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  1. #1
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    inside of windjacket was wet

    did a lite ride, 1 hour at 42 deg. Wore a long sleeve Starter compression shirt, a Performance liteweight fleece, and a liteweight Performance water repellent jacket. I treated the jacket with a water repellant sealant that I picked up from my local sporting goods store, as it is very old (but in good shape) and no longer repelled water.

    When I got home and tok of the jacketr, I discovered that there was a good bit of moisture on the jacket but my fleece was fairly dry. I was somewhat warm in my upper body while riding. The layering is slightly loose.

    Thoughts? Drop the fleece? Go short sleeve?

  2. #2
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    At 40-42 degrees I'm usually in base layer, thin wool and a cycling jersey. Below 40 I add another thin wool layer. I generally avoid jackets unless rain or below 30/windy. A second layer of light wool does a better job than a jacket or fleece. Everyone's different. Keeping a log of what works in what temps & conditions helps.

  3. #3
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    sweat. with the cool temps outside, I'd bet that the evaporated sweat that passed through your fleece was condensing on your cold outer hardshell layer.

    Softshell layers are WAY better for riding if you can afford them. Otherwise, you just have to deal with being wet from sweat because your hardshell is a very good vapor barrier at high exertion levels. If it's raining, you don't have much choice. Be cold/wet without a hardshell or be warm/wet with one. This is one reason I hate riding in 33-40F temps.

  4. #4
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    40 degrees today, playing around on the road, wore a thin wicking thermal and soft shell jacket. Had to have my jacket half open, was soaked inside, to cold to ride without do to windchill. Need to figure out something better for myself too.

  5. #5
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    Quote Originally Posted by NateHawk View Post
    sweat. with the cool temps outside, I'd bet that the evaporated sweat that passed through your fleece was condensing on your cold outer hardshell layer.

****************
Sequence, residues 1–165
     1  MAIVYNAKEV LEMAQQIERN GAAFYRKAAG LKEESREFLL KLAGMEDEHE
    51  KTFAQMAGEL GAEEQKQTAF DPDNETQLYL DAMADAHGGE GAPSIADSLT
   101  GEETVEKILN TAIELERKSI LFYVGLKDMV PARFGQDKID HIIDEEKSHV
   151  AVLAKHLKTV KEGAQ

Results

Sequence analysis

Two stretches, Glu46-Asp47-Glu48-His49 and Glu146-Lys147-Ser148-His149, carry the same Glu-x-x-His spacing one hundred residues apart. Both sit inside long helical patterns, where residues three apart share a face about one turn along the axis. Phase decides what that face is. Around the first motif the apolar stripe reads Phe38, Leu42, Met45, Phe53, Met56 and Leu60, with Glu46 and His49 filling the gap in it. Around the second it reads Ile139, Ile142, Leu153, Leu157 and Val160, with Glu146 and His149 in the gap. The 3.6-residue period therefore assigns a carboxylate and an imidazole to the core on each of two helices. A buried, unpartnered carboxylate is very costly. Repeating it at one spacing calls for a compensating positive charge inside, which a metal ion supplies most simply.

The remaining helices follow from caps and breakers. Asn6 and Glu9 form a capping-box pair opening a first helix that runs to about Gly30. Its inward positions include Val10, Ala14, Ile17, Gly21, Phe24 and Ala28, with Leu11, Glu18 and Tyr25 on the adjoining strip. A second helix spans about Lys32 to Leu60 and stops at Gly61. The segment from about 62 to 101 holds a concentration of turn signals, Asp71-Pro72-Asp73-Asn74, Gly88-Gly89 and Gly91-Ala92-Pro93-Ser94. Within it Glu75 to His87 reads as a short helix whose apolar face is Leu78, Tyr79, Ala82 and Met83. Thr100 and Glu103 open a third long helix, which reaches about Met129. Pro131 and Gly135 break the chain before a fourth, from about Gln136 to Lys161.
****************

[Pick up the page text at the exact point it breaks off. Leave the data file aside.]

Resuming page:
Softshell layers are WAY better for riding if you can afford them. Otherwise, you just have to deal with being wet from sweat because your hardshell is a very good vapor barrier at high exertion levels. If it's raining, you don't have much choice. Be cold/wet without a hardshell or be warm/wet with one. This is one reason I hate riding in 33-40F temps.
    Could you clarify soft shell layers? Is that like stacking up layers of Under Armour?

  6. #6
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    A "soft shell" is worn as an outer layer that is more breathable than waterproof. If exercising, they allow perspiration to escape while largely keeping you dry. The good one's do work, yet are $$.
    IME .. Waterproof - Breathable is pure marketing hype, as I too always get soaked from the inside out.
    The best is the one you want to ride most often..

  7. #7
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    what are some examples of a good softshell. Mostly what I've come across is the breathable water-repellant descriptions.

  8. #8
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    Quote Originally Posted by bhlass View Post
    what are some examples of a good softshell. Mostly what I've come across is the breathable water-repellant descriptions.
    Men's Soft Shell Jackets at REI - FREE SHIPPING With no minimum purchase.

    You can get them in varying weights/thicknesses. Some are ONLY intended to be a breathable wind-blocking layer, while others incorporate some degree of water resistance. There is not a uniform standard, but none are water repellent enough to keep you dry in a downpour. They tend to have an athletic fit and are not well-suited to be layered over anything thick (pretty much just a baselayer and that's it, at most - I have one that is intended to be worn against the skin, as it is a wicking and wind-blocking layer, with a cycling cut). You CAN layer a loose hardshell over them if you need the extra protection from the elements. They tend to be marketed to high-energy activities like running, cycling, cross-country skiing, and to winter sports that require high dexterity like ice climbing. Many soft shell fabrics have stretch, which helps with mobility. Technical softshells usually have welded seams and are more stretchy and a very athletic cut. There are cheaper softshells out there that are non-technical garments with a more relaxed fit and sewn seams. I have one of these, too. It's okay for biking in, but not great. It's honestly the jacket I wear out in public the most, so I don't beat up my technical jackets so much.